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HomeNewsLocal newsJudge Sets Trial Date in Payne's Suit Against 34th Legislature

Judge Sets Trial Date in Payne’s Suit Against 34th Legislature

Superior Court Senior Sitting Judge Renee Gumbs Carty has set a March 14 bench trial date for former Sen. Steven Payne Sr.’s lawsuit against the 34th Legislature, which voted to expel him over sexual harassment allegations in July 2022.

Sen. Steven Payne Sr. during a legislative hearing in March 2022. (Photo courtesy V.I. Legislature)

In her order Friday setting the trial date, Gumbs Carty denied two pending motions to dismiss the suit that were filed in August and October 2022, and said that she would issue a memorandum opinion and order shortly.

A bench trial is conducted by the judge and does not involve a jury.

At issue is whether the 34th Legislature and then Senate President Donna Frett-Gregory violated the body’s own rules when they voted 14-1 to expel Payne on July 20, 2022. Payne was the lone nay vote and has denied any wrongdoing. The Democratic Party subsequently selected Angel Bolques Jr. to finish Payne’s term, and he won election that fall to the St. John senator-at-large seat.

Payne’s lawsuit, filed on July 28, 2022, contends that lawmakers may discipline, but not expel, a member. In doing so, they disenfranchised the voters who elected him to serve in the 34th Legislature, his attorney Treston Moore has said.

Payne is joined in the complaint by resident Noellise Powell, who alleges that she was unduly deprived of the services provided by the candidate she voted for.

The defense has argued that even if the 34th Legislature broke its own rules, it would be wrong for the court to intervene because to do so would violate the separation of powers doctrine, a constitutional law that limits any branch of government from exercising the core functions of another.

It has also argued in a Motion to Take Judicial Notice filed Nov. 13 that the Revised Organic Act, which functions as the territory’s constitution, broadly implies that the Legislature has the authority to expel senators, if not explicitly stating such.

Their argument is based on the fact that the Revised Organic Act allows the V.I. Supreme Court to expel judges — a law that was passed by the Legislature.

“The Supreme Court — very obviously — believed that the Legislature had such authority under the broad grant of powers given it by section 8(a) of the ROA. Such authority was duly delegated to the Supreme Court by the Legislature in the context of removal of judges by Title 4 V.I. Code sections 27 and 28, and was kept by the Legislature for itself in the context of the expulsion of senators,” the motion states.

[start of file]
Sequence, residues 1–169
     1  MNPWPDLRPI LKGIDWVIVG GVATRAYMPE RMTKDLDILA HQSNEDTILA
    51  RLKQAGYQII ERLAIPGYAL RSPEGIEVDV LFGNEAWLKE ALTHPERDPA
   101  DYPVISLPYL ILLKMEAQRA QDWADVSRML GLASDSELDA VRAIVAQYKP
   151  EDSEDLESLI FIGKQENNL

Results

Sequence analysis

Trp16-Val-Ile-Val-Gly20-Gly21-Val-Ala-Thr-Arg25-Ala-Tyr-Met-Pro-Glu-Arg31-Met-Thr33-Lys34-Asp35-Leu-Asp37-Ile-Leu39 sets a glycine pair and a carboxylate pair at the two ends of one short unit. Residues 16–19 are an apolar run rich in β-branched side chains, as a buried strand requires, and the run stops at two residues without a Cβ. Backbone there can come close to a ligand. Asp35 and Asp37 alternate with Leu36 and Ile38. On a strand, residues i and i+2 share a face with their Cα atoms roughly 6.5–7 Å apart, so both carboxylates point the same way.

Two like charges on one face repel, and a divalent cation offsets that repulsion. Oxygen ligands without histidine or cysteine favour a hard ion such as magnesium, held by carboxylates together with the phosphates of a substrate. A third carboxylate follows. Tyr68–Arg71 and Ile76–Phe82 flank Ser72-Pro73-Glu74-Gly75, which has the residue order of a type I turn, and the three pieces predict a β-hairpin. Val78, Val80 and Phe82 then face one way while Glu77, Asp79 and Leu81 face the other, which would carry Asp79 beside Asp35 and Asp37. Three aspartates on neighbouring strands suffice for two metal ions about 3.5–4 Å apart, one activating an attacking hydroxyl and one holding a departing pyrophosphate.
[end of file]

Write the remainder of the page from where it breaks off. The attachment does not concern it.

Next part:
The defense also has argued that the lawsuit is now moot, since the 34th Legislature no longer exists, having now been replaced by the 35th, and Frett-Gregory is no longer the Senate president.

Gumbs Carty disagreed with that assessment, noting in a previous ruling that the issue at hand is not moot if it has the chance of occurring again, and that “this matter is still ripe for consideration.”

At the time of his expulsion on July 20, 2022, Payne faced allegations of sexual harassment by three women, including an employee of the Legislature who filed a sexual harassment complaint against the senator stemming from a trip to St. Croix on official Senate business in February 2022.

The allegations against Payne pushed both Gov. Albert Bryan Jr. and Frett-Gregory to call for investigations, with Frett-Gregory convening a Committee on Ethics within the V.I. Legislature that eventually voted for Payne’s expulsion as a senator.

Payne is seeking unspecified damages, back pay as well as costs, expenses, and attorney fees.

Separately, Payne is facing sexual battery charges in Florida after he was arrested on warrant out of Duval County on Sept. 8 by Orlando Police over alleged misconduct that occurred between late 2018 and early 2019 involving a minor girl. He is free on $250,000 bail in that case.

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